This is a substantially longer than usual post (about 3 written pages). I am exploring ideas for a longer form writing project digging into and applying this way of reading the Bible. If you take the time to read it, please send along any comments, questions, ‘pushback’ etc.
We need a more consistent approach to understanding and applying the Bible.
As disciples of Jesus who hold the Bible as authoritative over our lives and beliefs, we make declarations about what we consider ‘biblical’ or ‘unbiblical.’ And yet, if we’re honest, we know it’s more complicated than that.
Within the Bible itself, we are specifically told that people frequently misunderstood the intention of these writings and how to apply them (Luke 24:25, 2 Peter 3:16).
Christians who hold to the Bible as our only standard of faith and practice today differ on the meaning and application of many things.
How are we to decide on the best interpretation?
How do we make sense of the many things that the Bible says about food and drink, roles and relationships, money and ministry functions?
We need a lens through which to view the whole of the Bible.
I believe that through Jesus’ teaching that we can see that lens.
He has the right to guide us in our reading of the Bible.
Jesus said that he came to fulfill the law (Matthew 5:17). He is the Word made flesh (John 1) and the fullest revelation of God. He has been given all authority (Matthew 28:18)
The authoritative teaching of Jesus gives us a vital opportunity to understand much of God’s intention for us throughout the Old Testament story and into the New Testament.
When we take full stock of Jesus preserved teachings, there are still questions that flow from our reading of the Bible, including the activities and teachings of his apostles throughout the rest of the New Testament after Jesus’ ascension to the Father.
Even here, Jesus’ teaching offers us a lens (the big word is hermeneutic) for interpreting and applying the Bible.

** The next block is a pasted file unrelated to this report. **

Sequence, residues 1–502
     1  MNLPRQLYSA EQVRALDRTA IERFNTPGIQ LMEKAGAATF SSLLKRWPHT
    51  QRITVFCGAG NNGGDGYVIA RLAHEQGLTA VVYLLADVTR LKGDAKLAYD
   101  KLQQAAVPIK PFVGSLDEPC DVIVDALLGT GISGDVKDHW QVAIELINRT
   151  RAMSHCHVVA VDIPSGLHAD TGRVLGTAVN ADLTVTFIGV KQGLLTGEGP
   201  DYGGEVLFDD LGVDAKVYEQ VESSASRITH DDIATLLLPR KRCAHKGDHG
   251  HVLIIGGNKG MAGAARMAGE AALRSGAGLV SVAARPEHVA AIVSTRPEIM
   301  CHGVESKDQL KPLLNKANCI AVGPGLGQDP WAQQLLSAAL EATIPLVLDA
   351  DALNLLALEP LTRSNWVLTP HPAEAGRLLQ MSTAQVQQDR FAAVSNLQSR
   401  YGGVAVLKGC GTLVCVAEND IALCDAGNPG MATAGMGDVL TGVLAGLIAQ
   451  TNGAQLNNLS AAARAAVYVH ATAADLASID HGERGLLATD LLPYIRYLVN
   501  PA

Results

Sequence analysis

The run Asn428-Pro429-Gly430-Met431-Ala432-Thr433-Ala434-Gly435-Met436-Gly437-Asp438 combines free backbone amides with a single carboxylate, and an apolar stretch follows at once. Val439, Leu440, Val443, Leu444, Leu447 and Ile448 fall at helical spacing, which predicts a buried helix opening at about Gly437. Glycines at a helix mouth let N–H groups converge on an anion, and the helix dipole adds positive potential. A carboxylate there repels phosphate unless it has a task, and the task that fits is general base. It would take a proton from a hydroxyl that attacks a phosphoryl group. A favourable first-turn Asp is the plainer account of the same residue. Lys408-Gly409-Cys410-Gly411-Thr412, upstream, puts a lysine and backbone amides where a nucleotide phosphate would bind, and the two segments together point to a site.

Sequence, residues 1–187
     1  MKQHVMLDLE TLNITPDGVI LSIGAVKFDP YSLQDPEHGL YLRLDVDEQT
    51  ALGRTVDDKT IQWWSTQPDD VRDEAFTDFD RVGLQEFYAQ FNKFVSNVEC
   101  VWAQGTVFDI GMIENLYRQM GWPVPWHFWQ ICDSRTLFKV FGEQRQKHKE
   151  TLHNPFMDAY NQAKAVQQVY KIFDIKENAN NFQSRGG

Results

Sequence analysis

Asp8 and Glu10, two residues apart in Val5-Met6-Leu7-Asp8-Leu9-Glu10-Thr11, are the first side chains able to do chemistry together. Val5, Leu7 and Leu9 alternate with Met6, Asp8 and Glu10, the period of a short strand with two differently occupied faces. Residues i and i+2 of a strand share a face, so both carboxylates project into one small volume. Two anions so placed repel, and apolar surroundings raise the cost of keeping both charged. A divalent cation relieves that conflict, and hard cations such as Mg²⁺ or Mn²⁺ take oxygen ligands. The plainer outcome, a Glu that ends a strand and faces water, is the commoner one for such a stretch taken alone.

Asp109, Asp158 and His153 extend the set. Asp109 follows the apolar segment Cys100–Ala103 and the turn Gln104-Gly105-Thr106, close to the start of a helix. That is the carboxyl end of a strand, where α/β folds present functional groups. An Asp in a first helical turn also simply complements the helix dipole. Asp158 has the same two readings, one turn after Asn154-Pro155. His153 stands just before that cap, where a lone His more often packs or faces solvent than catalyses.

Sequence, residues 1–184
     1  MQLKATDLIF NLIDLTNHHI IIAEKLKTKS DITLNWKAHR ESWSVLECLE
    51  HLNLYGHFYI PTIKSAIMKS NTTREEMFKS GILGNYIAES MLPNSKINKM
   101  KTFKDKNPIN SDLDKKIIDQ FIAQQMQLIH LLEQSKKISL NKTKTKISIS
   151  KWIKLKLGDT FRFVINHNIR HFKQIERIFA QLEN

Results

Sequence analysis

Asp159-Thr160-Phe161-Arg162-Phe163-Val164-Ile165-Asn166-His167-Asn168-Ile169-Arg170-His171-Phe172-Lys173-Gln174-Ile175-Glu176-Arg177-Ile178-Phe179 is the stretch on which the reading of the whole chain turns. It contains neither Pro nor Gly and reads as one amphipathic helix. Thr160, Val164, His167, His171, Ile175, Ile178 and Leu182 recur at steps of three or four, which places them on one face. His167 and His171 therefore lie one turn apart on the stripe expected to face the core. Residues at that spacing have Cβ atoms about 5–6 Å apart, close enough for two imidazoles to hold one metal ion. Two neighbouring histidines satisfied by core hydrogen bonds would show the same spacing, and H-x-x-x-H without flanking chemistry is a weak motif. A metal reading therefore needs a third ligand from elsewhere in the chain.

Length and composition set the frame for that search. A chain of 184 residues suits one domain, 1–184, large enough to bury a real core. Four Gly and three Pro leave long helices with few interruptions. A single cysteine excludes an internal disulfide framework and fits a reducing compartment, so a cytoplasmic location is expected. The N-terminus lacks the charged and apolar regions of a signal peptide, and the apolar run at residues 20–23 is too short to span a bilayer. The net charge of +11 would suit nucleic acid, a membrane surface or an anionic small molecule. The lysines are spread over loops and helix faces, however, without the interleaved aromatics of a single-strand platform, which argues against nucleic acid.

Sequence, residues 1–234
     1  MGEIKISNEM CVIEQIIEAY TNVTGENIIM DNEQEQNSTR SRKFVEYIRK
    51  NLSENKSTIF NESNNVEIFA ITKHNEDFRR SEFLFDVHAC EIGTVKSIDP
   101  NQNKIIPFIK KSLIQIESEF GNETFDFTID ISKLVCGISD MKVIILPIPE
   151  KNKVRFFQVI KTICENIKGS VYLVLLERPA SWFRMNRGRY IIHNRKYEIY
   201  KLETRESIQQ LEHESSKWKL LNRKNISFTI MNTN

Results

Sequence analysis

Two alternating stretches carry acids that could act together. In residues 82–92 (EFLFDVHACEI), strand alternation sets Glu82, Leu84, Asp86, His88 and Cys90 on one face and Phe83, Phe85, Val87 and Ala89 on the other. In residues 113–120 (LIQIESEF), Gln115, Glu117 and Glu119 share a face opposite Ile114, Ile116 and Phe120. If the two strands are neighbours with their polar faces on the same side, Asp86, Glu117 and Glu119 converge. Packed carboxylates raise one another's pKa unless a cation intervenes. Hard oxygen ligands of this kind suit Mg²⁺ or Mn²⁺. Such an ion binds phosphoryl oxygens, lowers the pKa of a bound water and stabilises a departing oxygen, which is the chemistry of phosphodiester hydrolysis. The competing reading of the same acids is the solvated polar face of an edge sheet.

I call this the kingdom lens and it comes from Jesus’ most pronounced teaching subject – the kingdom of God.
The ongoing subject matter of Jesus’ teaching was the nearness and importance of the kingdom of God. It is to be sought above all else. (Matthew 6:33). One must have a whole new beginning to see it (John 3:3). It was the ongoing subject matter of Jesus’ teaching during the 40 days following his resurrection (Acts 1:3).
The kingdom of God is a rich and deep theme throughout the whole Bible. It’s a reality that goes deeper than any given situation and into the very heart of God. This is a vital aspect because one of the struggles we have is in discerning which instructions are for a particular time, place and people and which are for eternity in God’s new world.
I’d like to suggest that there are many times throughout the Bible – often when kingdom language is used, that help us get to these deeper, permanent realities relating to God’s will for us. While the word kingdom is not always used, a broad picture of these themes throughout scripture enables us to see which things fit into the paradigm.
Many people ask the question, what is the kingdom of God? There have been many answers. In part, this is likely because there are so many aspects of nuances to this robust biblical theme. This does not mean, however, that we cannot achieve a basic grasp on this reality fairly simply.
On the simplest level, we might say that the kingdom of God is when and where God’s will is done. Jesus teaches us to pray that very thing: “Your kingdom come, your will be done” (Matthew 6:10).